syntactic requirement, but rather add emotion, emphasis or euphony; a deliberate “redundancy”.
Answer: pleonasm

4. 30-20-10, name the person.
30. A teacher at Bordeaux and the Sorbonne, he was appointed to the first chair of sociology in France in 1913.
20. He wrote about mechanical solidarities, such as religious beliefs, and organic solidarities, such as the division of
labor in his 1893 work The Division of Labor in Society.
10. His works include The Rules of Sociological Method, Suicide: A Study of Sociology and The Elementary Forms
of Religious Life.
Answer: Emile Durkheim

5. For 10 points each, name from clues each of three Greek goddesses, whose names sound somewhat alike.
1. This daughter of Oceanus was the first wife of Zeus. Zeus swallowed her after as oracle predicted she would
bear a child greater than his father, but a while later, her daughter, the goddess Athena, sprang full-grown from
Zeus‟ forehead. Her name means „cleverness‟.
Answers: Metis
2. As in the case of Metis, the oracle declared that this sea-nymph would bear a son greater than his father. Acting
more prudently, Zeus married her off to a mortal general Peleus; by this man, she bore the Greek hero Achilles.
Answer: Thetis
3. Sometimes also called „Uranea‟, since she was the daughter of Uranus with Gaea, this titaness, whose name
means „wisdom‟, married Zeus after Metis‟ death, and gave birth to the Asthaeae and the Horae. She is perhaps
best known, in her capacity as augur, for pronouncing to the gods the oracle concerning Thetis‟s son.
Answer: Themis

6. Organic and biological chemists take great care to distinguish the different classes of isomers. For 10 points
each, identify from a brief description the corresponding term from the study of sterioisomers; molecules whose
atoms and bonds are identical, but differ from one another in their arrangement in space.
1. Meaning “opposite parts” in Greek, it denotes molecules that are exact opposites of one another, and so are said to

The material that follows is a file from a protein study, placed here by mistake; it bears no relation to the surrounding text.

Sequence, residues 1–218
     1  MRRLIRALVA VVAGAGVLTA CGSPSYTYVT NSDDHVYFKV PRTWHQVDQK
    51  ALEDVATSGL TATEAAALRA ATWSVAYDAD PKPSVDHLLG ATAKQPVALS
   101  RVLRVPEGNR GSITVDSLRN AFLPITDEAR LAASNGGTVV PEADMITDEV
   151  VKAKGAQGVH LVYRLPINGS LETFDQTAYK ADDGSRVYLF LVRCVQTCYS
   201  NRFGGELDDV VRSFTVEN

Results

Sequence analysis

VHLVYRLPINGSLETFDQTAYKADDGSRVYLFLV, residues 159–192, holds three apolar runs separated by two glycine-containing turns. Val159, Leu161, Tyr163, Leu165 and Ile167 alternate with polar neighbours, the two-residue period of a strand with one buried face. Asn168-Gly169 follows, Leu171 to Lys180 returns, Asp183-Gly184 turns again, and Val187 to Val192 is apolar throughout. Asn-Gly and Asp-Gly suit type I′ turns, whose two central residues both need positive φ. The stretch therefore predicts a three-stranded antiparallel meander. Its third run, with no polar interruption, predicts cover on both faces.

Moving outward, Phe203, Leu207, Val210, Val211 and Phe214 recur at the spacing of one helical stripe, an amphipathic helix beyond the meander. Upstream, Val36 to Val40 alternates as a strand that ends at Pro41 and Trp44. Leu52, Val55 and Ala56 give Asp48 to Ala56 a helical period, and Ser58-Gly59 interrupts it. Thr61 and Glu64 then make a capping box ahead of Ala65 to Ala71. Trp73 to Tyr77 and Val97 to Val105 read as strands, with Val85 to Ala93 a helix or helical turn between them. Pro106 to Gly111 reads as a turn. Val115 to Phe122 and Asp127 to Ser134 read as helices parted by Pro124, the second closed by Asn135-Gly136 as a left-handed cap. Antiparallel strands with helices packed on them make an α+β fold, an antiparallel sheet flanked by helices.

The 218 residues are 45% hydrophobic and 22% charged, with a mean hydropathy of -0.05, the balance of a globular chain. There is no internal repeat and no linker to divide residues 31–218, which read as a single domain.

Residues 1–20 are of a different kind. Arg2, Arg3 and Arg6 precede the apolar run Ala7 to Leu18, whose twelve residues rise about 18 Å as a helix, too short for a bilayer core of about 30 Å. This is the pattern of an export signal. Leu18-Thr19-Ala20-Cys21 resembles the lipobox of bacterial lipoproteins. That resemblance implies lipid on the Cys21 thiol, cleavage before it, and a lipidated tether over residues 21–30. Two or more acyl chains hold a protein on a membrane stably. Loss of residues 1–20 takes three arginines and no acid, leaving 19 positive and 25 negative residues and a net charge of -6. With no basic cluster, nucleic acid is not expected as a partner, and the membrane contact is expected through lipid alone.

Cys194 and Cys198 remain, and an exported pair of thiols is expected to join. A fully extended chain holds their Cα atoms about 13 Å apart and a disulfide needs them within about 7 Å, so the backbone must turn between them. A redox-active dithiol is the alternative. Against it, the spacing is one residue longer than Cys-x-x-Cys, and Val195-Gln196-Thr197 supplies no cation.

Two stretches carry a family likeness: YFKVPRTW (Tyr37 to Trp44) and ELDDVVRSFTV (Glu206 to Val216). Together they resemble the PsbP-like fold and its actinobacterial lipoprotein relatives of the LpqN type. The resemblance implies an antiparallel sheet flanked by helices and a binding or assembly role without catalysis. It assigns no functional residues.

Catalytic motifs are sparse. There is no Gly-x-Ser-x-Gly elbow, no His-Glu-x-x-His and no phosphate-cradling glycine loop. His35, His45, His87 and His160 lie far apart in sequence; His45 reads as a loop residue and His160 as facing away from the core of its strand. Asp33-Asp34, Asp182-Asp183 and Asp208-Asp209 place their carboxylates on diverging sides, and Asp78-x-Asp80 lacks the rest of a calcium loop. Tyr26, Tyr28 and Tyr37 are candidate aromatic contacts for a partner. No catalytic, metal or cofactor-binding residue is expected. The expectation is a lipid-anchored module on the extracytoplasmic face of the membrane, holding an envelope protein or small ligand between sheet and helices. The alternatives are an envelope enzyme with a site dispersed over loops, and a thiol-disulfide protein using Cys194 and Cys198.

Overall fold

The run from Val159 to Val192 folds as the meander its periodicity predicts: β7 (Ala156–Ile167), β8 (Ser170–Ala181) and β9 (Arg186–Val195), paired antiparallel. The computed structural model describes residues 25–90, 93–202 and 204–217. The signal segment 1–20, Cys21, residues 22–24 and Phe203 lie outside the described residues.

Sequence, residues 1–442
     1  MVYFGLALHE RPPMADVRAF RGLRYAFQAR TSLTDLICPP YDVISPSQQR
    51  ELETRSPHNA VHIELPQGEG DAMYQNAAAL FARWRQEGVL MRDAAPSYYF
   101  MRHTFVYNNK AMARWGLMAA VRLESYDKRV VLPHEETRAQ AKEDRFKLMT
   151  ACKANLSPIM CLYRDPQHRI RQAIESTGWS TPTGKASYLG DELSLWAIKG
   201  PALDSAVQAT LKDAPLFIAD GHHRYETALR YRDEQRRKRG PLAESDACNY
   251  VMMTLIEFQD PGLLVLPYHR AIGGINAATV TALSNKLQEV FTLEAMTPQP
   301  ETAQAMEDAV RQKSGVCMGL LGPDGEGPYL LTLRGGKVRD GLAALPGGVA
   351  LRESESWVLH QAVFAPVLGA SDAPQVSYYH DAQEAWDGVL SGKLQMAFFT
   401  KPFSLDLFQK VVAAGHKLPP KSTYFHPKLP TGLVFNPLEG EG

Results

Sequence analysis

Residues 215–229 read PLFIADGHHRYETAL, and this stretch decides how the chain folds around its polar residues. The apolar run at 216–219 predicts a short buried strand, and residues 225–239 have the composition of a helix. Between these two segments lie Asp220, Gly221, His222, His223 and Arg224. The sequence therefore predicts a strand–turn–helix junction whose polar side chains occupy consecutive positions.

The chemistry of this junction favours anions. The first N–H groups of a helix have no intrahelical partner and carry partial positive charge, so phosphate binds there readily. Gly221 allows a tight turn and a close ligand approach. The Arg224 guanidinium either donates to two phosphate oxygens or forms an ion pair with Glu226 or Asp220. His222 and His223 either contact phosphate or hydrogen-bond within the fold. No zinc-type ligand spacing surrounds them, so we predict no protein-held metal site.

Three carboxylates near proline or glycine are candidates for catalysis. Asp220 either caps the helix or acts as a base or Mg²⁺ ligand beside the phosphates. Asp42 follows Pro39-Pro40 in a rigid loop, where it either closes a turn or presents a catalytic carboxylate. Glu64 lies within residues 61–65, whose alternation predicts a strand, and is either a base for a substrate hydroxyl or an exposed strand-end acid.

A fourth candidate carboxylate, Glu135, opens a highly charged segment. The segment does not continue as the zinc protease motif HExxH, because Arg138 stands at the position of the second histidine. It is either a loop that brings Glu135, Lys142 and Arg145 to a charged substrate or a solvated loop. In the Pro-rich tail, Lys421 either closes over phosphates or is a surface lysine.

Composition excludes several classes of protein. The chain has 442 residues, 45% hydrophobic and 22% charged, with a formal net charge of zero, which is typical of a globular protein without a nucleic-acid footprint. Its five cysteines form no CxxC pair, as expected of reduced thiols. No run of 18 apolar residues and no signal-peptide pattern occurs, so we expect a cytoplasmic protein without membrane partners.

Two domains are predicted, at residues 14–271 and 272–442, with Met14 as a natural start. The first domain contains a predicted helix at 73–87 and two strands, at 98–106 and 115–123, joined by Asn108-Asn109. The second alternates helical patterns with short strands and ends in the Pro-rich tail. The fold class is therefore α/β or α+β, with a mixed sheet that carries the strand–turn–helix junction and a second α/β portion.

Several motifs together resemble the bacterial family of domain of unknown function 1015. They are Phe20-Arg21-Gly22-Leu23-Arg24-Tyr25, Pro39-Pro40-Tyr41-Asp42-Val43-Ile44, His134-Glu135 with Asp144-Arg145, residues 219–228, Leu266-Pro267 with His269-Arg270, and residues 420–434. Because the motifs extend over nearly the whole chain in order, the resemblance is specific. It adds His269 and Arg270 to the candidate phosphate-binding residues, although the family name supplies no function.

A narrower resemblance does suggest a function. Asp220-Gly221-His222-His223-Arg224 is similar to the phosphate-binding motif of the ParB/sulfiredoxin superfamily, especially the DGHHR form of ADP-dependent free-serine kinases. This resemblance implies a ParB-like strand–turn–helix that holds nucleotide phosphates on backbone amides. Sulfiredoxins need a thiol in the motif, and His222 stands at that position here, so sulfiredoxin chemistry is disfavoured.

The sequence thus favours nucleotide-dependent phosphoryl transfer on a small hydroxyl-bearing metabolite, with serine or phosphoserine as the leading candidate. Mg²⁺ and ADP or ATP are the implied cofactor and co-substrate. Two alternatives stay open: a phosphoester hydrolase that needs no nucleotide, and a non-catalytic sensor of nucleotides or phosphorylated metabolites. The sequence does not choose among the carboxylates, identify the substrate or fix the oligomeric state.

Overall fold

differ in “handedness.”
Answer: enantiomer
2. This class comprises all stereoisomers that are not also enantiomers, for example, all cis and trans varieties of
straight-chain alkenes, and molecules with more than one stereocenter which are not mirror images of each other.
Answer: diasteriomer
3. Applied primarily to simple sugars or monosaccharides, with so-called alpha and beta forms, this term describes
molecules with carbons that become chiral centers upon “cyclisation.”
Answer: anomer

7. Answer the following questions about The Glass Bead Game for the stated number of points.
5. Who wrote Magister Ludi, or The Glass Bead Game?
Answer: Hermann Hesse
10. Who is the protagonist?
Answer: Joseph Knecht (Accept either.)
10. Name the utopian society in which Knecht lives.
Answer: Castalia
5. Give the German term for a “novel of discovery,” often used to describe a novel like The Glass Bead Game,
which focuses on the mental and spiritual development of its protagonist.
Answer: Bildungsroman

8. OK, who's going to medical school? Medical students have many mnemonics for all those anatomical structures
they have to memorize and this bonus is about medical student's favorite mnemonic sentence: On Old Olympus's
Towering Top A Finn Von German Valzed A Hop.
1. For 5 points, this sentence helps one remember the order of what 12 nerves, which are commonly numbered N I
(n one) to N XII (n twelve)?
Answer: cranial
2. Of the 12 cranial nerves three begin with the letter O, hence, On Old Olympus's. For 5 points each, name these
three cranial nerves which are numbered N I, N II, and N III.